• MVNA: the MVNE will not punt on small players, MNOs will not punt on anyone but "the next Virgin", however there are millions of subscribers in the UK alone who have very strong ties with major brands, events, social movements, clubs and other would be MVNOs, who 10,000 subscribers here, 30,000 subscribers there, add up to 100,000s of subs put together. They may all be different, but they do have a few things in common: simpler tariffs, smaller handset selection, more focussed customer care. The MVNA is just around the corner.
  • Cost reduction; gone are the days of warehousing branded phones with custom software; the clever MVNO will "brand" the handset Over the Air (OTA), either with an On Device Portal or an OTA software upgrade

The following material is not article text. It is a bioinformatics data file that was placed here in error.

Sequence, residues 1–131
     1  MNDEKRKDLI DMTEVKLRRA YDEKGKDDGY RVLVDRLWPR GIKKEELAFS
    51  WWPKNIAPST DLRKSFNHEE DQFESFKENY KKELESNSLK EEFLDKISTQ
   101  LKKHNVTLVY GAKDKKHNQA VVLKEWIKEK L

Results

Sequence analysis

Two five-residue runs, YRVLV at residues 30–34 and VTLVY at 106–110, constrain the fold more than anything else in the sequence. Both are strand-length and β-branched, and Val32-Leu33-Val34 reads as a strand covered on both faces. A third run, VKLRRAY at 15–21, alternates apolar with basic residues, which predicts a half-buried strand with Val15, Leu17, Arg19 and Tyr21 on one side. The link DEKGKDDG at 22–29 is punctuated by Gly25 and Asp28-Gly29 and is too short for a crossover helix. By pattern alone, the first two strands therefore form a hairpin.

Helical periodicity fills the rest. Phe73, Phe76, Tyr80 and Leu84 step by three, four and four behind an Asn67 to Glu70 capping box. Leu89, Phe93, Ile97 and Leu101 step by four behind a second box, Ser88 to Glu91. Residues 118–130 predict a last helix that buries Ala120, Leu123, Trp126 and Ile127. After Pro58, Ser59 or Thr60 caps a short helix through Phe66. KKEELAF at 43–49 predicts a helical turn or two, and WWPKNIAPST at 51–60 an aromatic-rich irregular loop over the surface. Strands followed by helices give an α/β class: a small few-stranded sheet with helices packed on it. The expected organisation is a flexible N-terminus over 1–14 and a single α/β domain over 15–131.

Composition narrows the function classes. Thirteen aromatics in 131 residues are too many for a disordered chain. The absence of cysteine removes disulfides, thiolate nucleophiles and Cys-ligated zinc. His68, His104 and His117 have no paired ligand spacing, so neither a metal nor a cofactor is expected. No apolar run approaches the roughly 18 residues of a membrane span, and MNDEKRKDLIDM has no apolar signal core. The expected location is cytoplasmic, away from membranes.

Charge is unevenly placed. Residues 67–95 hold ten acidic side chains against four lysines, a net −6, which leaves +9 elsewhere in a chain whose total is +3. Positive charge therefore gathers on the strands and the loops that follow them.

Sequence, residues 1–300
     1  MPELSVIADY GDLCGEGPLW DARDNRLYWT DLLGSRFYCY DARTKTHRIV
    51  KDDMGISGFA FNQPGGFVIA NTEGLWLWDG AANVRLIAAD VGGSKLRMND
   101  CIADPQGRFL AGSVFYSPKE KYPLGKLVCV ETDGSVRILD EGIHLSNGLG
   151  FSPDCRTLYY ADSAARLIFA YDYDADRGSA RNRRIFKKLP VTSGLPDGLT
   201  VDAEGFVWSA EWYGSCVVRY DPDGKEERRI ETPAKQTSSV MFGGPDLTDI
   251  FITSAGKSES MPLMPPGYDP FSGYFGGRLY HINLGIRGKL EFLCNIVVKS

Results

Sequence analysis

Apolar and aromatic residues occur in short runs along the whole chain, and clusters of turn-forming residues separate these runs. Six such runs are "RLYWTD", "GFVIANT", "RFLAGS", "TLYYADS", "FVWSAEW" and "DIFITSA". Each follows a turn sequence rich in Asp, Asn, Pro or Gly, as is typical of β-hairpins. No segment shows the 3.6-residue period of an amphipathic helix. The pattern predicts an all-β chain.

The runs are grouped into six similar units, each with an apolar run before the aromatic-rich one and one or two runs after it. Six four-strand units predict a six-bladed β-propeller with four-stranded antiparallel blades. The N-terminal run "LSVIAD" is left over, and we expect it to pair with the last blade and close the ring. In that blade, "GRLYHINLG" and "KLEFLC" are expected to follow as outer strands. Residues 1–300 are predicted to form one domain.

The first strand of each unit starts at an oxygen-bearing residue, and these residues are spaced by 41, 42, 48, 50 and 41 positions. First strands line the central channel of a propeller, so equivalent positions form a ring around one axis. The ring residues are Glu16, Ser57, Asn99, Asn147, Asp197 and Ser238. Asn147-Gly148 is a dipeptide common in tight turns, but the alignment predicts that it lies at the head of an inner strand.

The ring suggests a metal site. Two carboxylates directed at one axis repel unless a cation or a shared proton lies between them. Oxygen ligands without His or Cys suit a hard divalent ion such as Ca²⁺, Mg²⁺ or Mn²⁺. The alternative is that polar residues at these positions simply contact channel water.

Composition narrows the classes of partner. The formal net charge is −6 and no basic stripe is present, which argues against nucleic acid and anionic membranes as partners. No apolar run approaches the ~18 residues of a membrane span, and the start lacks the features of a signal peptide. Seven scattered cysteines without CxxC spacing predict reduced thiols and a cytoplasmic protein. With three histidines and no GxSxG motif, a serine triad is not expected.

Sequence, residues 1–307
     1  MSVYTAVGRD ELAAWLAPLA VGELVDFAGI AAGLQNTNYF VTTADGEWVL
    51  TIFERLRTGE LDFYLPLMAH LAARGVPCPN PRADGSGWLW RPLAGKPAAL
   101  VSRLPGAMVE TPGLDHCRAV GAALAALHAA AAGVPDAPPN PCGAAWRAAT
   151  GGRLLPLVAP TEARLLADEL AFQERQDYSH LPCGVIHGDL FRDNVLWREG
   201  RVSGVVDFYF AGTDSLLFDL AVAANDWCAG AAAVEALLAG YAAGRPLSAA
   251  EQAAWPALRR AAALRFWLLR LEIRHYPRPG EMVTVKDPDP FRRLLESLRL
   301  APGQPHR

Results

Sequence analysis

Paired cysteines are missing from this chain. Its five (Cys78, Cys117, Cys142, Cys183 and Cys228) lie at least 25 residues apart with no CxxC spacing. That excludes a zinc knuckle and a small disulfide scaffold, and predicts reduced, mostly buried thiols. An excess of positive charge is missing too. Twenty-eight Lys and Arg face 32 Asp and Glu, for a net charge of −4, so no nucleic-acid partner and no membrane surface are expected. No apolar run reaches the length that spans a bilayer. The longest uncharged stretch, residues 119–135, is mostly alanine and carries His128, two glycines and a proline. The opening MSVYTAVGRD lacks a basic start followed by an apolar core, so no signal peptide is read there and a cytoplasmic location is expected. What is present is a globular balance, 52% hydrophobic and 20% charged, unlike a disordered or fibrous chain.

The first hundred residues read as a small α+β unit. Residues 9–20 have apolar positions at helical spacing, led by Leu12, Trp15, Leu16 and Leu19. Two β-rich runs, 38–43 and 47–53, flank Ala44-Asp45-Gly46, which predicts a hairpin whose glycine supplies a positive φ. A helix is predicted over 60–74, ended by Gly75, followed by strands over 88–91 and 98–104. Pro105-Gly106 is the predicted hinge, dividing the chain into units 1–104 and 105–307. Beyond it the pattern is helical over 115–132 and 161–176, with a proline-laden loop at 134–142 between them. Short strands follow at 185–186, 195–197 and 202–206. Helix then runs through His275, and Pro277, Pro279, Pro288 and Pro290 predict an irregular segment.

DIY MVNO. US company Sonopia are offering user the ability to set up an MVNO in 10 minutes and receive 5% of the revenue. While this article, reported on The Register suggests that this model may not be popular in Europe, where the handset, then the tariffs, not content, which I agree with, it does propose an interesting trend: That MVNOs should compete on something other than on handset or tariff to e competitive, and that network generated income should be a revenue stream, not the sole source of revenue for the MVNO business model. Having written, contributed to, carried out due diligence on many MVNO business models over the last 8 years, and in light of the failures of EasyMobile, it is clear to me that the post Virgin and Tesco MVNOs will need to leverage their brand, content and or other much more effectively, to counter the fact that economies of scale in this market are a thing of the past. Realistically, going forward MVNO need to base their business model on breaking even on 10,000s of customers, not the millions or 100,000s that the many jumping late on the MVNO bandwagon seem to band around. Competing on handset and tariff is the domain of the MNO, not the MVNO. Added to this, it will not be long before people realise how expensive network subsidised phones actually turn out to be and look to source their phone separately, to then focus on a "network" that offers them the content, services, or simply just the bitpipe for voice and text that the individual wants.